By Karl Vilacoba
Connected vehicle technologies have the potential to transform the driving experience in the century ahead. They may also have the potential to fizzle out before they really get started.
Inventions like these live or die by the enthusiasm of their earliest adopters. Their success depends on the quick spread of related technologies, and promoting early buy-in is tough work. Think of the first radio stations, broadcasting across miles of landscapes to populations that didn’t own radios. Likewise, a connected car can’t “talk” to a mute car. Generating an initial flow of information – enough to hook the first wave of users and influence them to spread the word to friends and family – will be crucial.
This is a dilemma explored in a 2008 study by the Center for Automotive Research (CAR), which looked at some of the upsides, costs and obstacles to building a connected auto fleet and road system in the U.S. The report compared the situation to the advent of cell phones a decade ago, but noted an important difference – cell phones could at least call hard lines. Without other cars or infrastructure to interact with, connected vehicle technologies are useless.
Sources I spoke to for my article, “Car-Respondence,” stressed the importance of retrofitting older cars, at least to a point that they can transmit a basic level of information. Again, that will be difficult – people won’t shell out money for the equipment unless they’re convinced it’s worth it.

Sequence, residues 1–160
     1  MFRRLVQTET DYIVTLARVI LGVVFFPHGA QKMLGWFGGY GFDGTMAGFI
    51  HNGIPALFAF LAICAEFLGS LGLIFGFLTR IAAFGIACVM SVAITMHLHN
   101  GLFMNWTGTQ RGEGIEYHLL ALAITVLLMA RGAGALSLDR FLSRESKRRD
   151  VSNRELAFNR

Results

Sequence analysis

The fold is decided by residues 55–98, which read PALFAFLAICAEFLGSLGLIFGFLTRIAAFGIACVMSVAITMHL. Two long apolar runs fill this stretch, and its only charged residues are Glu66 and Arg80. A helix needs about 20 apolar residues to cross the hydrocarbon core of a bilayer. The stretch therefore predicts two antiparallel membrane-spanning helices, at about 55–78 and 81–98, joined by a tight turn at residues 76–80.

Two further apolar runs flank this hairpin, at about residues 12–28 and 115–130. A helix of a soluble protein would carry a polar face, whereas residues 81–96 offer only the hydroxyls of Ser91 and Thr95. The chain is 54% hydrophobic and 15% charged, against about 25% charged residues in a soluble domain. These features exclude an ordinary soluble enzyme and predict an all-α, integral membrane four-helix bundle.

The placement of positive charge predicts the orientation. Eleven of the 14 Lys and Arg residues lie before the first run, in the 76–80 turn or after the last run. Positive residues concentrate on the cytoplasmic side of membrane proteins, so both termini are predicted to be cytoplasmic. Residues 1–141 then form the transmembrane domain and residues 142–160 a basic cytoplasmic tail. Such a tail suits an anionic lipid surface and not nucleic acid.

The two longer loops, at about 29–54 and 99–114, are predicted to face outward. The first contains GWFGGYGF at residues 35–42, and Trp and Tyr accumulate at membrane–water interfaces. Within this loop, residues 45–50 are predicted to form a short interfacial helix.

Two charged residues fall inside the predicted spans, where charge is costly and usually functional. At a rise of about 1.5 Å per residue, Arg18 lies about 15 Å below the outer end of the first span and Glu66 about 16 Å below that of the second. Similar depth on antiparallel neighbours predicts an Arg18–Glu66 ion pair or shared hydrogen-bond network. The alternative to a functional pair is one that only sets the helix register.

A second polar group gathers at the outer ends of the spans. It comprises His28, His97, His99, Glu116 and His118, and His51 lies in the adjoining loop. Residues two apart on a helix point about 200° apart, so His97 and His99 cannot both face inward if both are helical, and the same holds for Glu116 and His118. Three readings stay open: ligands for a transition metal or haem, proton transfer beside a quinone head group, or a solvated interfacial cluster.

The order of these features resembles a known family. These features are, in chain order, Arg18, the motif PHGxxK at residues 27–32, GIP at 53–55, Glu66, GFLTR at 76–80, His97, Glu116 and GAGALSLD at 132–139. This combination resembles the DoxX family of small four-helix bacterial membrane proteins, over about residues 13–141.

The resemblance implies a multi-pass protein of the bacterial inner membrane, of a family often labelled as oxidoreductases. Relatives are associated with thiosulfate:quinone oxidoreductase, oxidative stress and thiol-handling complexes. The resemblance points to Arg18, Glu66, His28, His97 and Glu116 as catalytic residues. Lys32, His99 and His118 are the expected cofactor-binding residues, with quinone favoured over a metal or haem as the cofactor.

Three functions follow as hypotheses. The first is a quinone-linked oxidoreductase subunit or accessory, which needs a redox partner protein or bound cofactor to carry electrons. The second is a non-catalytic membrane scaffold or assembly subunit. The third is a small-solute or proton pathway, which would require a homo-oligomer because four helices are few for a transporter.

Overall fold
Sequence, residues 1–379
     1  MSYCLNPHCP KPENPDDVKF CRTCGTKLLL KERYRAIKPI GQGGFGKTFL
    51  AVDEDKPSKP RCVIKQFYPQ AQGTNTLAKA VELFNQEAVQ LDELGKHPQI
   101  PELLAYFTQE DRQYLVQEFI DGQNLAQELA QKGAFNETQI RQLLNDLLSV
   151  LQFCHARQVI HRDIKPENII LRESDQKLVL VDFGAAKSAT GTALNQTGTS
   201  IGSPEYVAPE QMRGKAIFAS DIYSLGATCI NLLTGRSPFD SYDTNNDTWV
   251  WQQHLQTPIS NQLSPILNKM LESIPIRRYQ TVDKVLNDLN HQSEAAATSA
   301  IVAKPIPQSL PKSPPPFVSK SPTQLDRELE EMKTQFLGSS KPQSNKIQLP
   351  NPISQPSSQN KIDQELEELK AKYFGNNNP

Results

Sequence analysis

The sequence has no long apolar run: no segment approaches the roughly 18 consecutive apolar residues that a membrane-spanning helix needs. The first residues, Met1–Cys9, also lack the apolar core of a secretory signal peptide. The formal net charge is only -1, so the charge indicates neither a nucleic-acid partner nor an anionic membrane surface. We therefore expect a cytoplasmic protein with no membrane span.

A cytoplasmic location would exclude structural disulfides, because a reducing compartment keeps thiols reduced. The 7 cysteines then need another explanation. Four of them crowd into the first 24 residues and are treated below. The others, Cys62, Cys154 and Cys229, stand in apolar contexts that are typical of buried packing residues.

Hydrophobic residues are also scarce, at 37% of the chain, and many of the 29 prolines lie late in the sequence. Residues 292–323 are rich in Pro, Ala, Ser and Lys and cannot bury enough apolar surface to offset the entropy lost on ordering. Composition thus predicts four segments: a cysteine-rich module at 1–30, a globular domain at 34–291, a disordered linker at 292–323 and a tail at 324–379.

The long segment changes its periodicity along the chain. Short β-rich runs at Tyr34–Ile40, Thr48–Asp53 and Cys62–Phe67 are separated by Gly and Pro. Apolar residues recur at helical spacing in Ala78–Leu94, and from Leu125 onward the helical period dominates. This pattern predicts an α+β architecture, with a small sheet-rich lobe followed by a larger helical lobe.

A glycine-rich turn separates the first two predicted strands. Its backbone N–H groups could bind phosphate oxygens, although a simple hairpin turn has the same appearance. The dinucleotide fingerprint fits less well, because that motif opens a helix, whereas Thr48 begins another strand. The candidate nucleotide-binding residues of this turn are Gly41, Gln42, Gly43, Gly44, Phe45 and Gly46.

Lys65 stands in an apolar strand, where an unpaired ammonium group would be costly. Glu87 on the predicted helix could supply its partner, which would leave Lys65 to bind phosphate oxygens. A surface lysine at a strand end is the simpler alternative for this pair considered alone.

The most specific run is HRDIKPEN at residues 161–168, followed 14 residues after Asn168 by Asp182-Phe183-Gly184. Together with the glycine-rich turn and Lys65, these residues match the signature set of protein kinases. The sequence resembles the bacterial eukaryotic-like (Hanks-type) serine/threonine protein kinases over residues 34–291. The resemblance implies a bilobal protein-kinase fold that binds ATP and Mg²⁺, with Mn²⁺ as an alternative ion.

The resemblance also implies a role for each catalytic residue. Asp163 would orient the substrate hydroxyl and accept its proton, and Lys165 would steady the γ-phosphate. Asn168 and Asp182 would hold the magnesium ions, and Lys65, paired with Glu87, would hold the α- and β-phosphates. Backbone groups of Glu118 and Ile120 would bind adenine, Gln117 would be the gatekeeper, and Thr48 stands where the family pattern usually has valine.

Perhaps the best way to accomplish a mass retrofit is to package the technology with gadgets that do other things – as a bonus feature of a satellite radio or an app in a BlackBerry, for instance. Once people get the taste for it, and the quantity of information transmitted begins to make a difference, they’ll be more likely to buy cars outfitted with the most cutting-edge capabilities of the day.
Some predict connectivity and hybridization/electrification are the two most profound changes the auto industry will see in the years ahead. This could be a big opportunity for Detroit -- oft-criticized as lagging a step behind the world’s automakers -- to take the lead and get back its Motor City mojo.